Painting a Message

Students from the Creative Arts Academy paint the ‘one way to live’

Six adolescents, all student artists at the Community Folk Art Center, at 805 E. Genesee St., circled around Adrianna Cummings, a sophomore at Corcoran High School. As they watched, Cummings pooled bright red paint onto the word “violence” inscribed on a section of what will be a 120-square-foot mural. Once the paint was applied, the group lifted the mural board, allowing the red to flow across the painting like streams of dripping blood.

Adrianna Cummings paints a portion of the mural. -- Photo by by Mary Desmond, Staff Photo

Later, when the students reflected on the day’s achievements, Brenda Casnave, a Henninger High School sophomore, praised Cummings’ efforts.

“She really worked hard on the ‘violence.’ She brought it home.”

The student artists are members of the center’s Creative Arts Academy — an arts and education program for Syracuse students in grades seven through 12. For almost five months, they have worked under the guidance of a local painter, Arthur Brangman, to create a mural 7 feet high and 17 feet wide that calls for an end to violence in the Syracuse community. With the “blood,” the mural is one step closer to completion.

After a few more steps, the artists finished the mural, which will be displayed on the west side of the Community Folk Art Center for people in Syracuse to see.

The project started in November 2010, when the students met with Ricardo Gouveia, a political artist and muralist who goes by the name Rigo 23.

With Rigo 23’s help, the students developed a concept for the mural. “We talked about violence, how we felt about it, some of us had been dealing with it so much we’d gotten used to it, emotionally detached from it,” Cummings said.

Ever since, they have worked each week to transform the idea into a work of art. The mural has been evolving over time to reflect its makers’ ideas and creativity.

“He gave us an idea, we started with that idea. But then we changed it to fit us a little more,” Cummings said. The mural’s evolution highlights what Brangman says is one of the strongest aspects of the Creative Arts Academy.

“That’s what I like about this program,” Brangman said. “They’re not like puppets. They come to me with new ideas, and we talk it over.”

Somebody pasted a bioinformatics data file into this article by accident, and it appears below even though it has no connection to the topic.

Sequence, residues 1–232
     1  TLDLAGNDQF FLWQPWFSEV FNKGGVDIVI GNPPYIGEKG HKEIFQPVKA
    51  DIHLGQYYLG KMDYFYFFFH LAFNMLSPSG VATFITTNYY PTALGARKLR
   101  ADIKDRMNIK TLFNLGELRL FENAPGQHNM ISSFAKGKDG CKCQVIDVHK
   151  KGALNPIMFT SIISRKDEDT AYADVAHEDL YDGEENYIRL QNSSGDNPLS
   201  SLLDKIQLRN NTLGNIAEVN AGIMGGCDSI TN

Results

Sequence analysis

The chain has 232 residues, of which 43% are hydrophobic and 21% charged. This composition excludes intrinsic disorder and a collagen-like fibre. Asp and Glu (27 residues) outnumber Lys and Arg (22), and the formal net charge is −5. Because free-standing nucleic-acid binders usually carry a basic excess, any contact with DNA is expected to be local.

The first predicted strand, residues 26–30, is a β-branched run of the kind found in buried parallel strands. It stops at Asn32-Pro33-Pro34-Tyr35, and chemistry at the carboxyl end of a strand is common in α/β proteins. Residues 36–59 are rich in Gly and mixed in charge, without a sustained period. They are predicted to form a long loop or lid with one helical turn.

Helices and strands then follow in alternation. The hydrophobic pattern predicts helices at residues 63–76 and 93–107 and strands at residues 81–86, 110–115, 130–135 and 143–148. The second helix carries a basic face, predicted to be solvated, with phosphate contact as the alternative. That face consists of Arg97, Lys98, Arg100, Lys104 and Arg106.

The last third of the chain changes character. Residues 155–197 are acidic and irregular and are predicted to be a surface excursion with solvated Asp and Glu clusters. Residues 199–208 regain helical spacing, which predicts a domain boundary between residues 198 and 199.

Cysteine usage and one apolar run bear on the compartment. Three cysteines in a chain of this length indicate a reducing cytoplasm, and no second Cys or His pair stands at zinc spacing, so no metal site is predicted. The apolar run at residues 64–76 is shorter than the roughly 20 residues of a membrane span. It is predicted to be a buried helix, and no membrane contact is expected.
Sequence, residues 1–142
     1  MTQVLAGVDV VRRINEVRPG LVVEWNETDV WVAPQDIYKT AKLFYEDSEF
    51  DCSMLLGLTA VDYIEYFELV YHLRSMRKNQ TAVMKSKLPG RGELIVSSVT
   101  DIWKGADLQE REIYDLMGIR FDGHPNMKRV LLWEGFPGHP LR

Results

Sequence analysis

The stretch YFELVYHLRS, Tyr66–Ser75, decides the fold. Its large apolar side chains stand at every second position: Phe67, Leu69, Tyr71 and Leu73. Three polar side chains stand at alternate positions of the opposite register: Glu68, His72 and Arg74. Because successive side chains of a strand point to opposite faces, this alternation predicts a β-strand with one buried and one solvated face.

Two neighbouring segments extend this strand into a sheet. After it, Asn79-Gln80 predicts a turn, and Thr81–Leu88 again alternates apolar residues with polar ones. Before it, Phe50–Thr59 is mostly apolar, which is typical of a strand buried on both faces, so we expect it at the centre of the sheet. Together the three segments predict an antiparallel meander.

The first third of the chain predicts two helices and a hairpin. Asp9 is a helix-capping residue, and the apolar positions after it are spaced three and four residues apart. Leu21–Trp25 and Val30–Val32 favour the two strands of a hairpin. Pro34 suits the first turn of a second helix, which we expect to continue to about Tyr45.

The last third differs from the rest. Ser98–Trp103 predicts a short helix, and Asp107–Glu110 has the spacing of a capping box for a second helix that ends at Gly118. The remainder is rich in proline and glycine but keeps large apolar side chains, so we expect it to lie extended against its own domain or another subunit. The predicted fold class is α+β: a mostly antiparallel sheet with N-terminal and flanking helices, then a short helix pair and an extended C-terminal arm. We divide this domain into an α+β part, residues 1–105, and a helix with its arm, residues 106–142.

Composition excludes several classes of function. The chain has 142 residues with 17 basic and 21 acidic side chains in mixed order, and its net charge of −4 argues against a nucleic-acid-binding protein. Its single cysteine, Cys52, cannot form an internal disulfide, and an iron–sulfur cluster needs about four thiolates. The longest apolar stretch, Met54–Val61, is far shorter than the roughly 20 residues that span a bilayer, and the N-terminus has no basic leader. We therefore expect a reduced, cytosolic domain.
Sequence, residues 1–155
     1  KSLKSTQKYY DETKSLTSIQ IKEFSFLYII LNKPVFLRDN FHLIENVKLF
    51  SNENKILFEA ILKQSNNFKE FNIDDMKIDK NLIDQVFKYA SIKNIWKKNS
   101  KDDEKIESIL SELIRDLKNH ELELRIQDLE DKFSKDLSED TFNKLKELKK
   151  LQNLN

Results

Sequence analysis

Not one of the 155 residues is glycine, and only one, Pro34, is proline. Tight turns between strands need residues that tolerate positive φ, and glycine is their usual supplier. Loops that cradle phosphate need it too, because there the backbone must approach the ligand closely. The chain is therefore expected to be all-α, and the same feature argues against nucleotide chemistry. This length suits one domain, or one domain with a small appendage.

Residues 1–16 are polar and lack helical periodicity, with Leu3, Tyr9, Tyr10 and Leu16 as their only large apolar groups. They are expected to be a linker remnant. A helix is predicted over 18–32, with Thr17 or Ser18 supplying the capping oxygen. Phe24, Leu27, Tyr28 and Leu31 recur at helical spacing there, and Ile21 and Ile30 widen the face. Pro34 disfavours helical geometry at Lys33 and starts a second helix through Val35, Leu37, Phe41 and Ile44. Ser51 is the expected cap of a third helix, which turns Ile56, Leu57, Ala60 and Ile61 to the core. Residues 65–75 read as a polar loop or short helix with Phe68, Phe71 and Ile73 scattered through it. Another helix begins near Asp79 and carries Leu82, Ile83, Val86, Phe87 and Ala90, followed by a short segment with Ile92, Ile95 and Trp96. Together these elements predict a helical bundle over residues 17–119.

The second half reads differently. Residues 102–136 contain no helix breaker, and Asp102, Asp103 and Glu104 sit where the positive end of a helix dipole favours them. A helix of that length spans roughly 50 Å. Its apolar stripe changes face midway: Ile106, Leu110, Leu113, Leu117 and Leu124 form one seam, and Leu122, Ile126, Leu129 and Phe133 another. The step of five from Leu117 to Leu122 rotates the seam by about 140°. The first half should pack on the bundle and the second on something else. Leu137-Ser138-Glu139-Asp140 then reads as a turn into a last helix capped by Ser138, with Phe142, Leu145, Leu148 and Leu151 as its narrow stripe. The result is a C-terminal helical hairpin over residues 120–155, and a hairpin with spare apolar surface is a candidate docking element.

The Creative Arts Academy was founded by a group effort at the Community Folk Art Center two years ago. Academy coordinator Ty Marshal says the tuition-free program receives funding from local institutions and corporations, including Syracuse University, Syracuse Stage, Wegmans and Wal-Mart.

Its aim is to inspire local high school students to engage in their education through programs in the arts. Marshal says the academy wants to give students an outlet to explore their creativity while “defining their futures in terms of college.” Students can choose to follow one of three disciplines: dance, theater or visual arts. Creativity and determination are the main requirements for program applicants.

“We are looking for students who are really heavily devoted to their craft,” Marshal said.

To join the Creative Arts Academy, students must submit a formal application, as well as an example of their work. Aspiring visual artists must submit a portfolio, dancers must audition with a dance, and theater students must perform a monologue or song. The process is implemented to ensure that applicants are truly determined.

Artists created a mural that is 7 feet high and 17 feet wide and calls for an end to violence. -- Photo by Mary Desmond, Staff Photo

“They don’t get students in here who don’t want to be here,” said Brangman. “It’s kind of neat because they actually like what they’re doing, they audition, they bring in portfolios. It’s just more professional.”

For Cummings, the academy is exactly what she was searching for because she had found that other art workshops were too elementary.

“Every time I’d go look for an art program, it was like little stuff, like making a mask out of paper or Martha Stewart stuff. But I was looking for a serious art program.”

Chaz Griffin, a Fashion Institute of Technology graduate, shadows Brangman’s art classes. Griffin said he hopes to one day teach classes at the Creative Arts Academy. After his first two weeks, Griffin said that of all the things he has seen, he is most impressed by the students themselves.

“Honestly the kids, even though they are teenagers and they’re a little young, at the same time they’re artistic, they’re very intelligent. They’re smarter than I was when I was their age.”
The Creative Arts Academy provides transportation, a snack and academic tutoring for participants. In return, Marshal said students must maintain a good attendance record to the art classes, and above a “C” average in their academic courses.

Today, the program has 13 students, but Marshal says the program is still accepting applications for the current semester.

“A lot of artists can be shy,” he said. “I would encourage them to get over their shyness and be in touch with us.”

Marshal said the community will benefit, too. “Young artists are the community members that give back to the community.”